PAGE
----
You can donate here: www.justgiving.com/songaminute

Janet Stephens, co-founder of Bear Paw Creek, is an important provider of movement props for therapists and activity directors. Bear Paw Creek makes colorful, high-quality movement props for use in stimulating and fun activities. You can get some today to use with your recreational activities in nursing homes or as part of a nursing home ministry in your church. 

What ideas or insights do you have about the topic of failure-proof activities? Let us know what you think in the comments!

 

I’m a freelance writer who enjoys writing content for small businesses. I am the wife of one and mother of many. Our family has dealt with issues in the last few years which have made me take a closer look at many diseases which affect the brain. My hope is that better relief will be found soon for so many suffering from Dementia and related diseases.

Ribbons and Dancing and Scarves! Oh, My!

 

Ribbons and Dancing and Scarves! Oh, My!

Jenette Clay is a blogger, SEO content and podcast show notes writer. She loves dancing with her little kids and annoying her older ones. She admires Janet Stephens and all that she has done as a wife, a mom and owner of Bear Paw Creek.

 

Have you ever danced with ribbons or watched someone else (whether they were dance professionals or your kids in your living room)? Here’s a list of songs and activities you can use with kids and in elder care.
 
The effect of the fabric streaming out behind as you move is fascinating and adds dimension to motion – ramping up the fun quotient exponentially.

Hold an impromptu dance party in for your kids

Visual Music

Fluttering waves

Swirling rainbows
Giggles, pirouettes, motion music
Purple…chasing blue…chasing gold overlap in dancing ripples
A final bow
Collapsing into piles of laughter and smiles
 
Granted this would be a scene in my living room, not a well-organized class or a performance at the ballet, but ribbons and scarves, music and dancing are a feast for the senses. Have you ever seen a Chinese scarf dance (or the dances with dresses which have the long silky sleeve ribbons)? The dancers move gracefully as their arm movements cause the ribbons to ripple around them like water or twirl above their heads cascading back down again as they weave a tapestry of color on the stage. It is mesmerizing.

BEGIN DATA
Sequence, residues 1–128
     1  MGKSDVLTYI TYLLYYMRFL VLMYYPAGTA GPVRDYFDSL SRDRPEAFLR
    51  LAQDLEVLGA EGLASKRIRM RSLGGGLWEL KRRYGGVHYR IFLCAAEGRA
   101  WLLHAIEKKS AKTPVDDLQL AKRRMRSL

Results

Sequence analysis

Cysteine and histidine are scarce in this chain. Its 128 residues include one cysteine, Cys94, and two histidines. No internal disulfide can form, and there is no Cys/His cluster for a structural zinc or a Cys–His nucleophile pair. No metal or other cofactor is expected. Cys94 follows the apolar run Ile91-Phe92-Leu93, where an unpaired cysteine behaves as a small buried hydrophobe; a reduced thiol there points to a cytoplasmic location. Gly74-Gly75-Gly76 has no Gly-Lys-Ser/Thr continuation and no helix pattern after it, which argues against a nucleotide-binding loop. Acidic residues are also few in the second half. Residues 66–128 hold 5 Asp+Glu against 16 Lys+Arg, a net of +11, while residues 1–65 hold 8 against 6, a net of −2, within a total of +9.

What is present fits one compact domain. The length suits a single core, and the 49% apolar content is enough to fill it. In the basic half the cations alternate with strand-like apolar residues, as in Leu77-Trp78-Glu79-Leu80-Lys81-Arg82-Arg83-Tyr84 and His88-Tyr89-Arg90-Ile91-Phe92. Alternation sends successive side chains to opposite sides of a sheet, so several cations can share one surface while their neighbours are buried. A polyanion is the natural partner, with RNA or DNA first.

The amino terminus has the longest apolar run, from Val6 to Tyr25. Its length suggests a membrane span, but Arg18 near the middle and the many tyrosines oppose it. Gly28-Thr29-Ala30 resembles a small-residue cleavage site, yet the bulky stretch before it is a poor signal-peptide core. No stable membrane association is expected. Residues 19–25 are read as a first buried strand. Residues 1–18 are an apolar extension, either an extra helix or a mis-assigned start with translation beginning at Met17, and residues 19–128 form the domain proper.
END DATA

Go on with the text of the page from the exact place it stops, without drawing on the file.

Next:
Movement Scarf Set of 12, 6 colors
If you’ve ever danced with ribbons or scarves, you know how much fun and fascinating it is to see what shapes your motions can conjur up. You don’t have to be a professional to enjoy it.
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I’ve got some resources for you!

If you need ideas to for activities to get people moving in elder care, at school, for youth groups or in your living room, I have a line up of links to get you inspired. I also have a list of activities and songs you can use with scarves and streamers that you can print out and take with you. Very handy!

So, here we go:

  1. I like the fabulously fun and creative Beverly Meyer. She calls herself The Music Lady and you can watch what she does here, on Youtube, to see what a blast kids and adults can have singing and dancing together.
  2. Miss Jen, Children’s Librarian, sings All the fish are swimming in the water (illustrating a song that makes great use of the effects in the movement of the scarves.) on Youtube
  3. Here is a great Pinterest Board with plenty lots of video suggestions for songs and activities using scarves by curated by Dana and Lindsey, Children’s Librarians.
  4. I love these ideas from the Future Librarian Superhero
  5. Great for the church nursery and for moms at home. I found this, on Youtube – perfect for babies and toddlers.
  6. One of my favorite songs is from Macaroni Soup, Dancing Scarf Blues! It’s pretty jazzy and I think would be a great resource for activities directors involved in Elder Care. Brighten up the lives of people in nursing homes by getting out a batch of beautiful scarves and putting on some music to dance to.

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Take a look at those sites, get the list, and tell us what you think. How long has it been since you’ve danced with ribbons, streamers or scarves? How long has it been since you’ve danced with ribbons, streamers or scarves? Do you have some songs or activities to add to this list? I’d love to hear from you and have you add your suggestions to mine!

Activities and Songs for Scarves and Streamers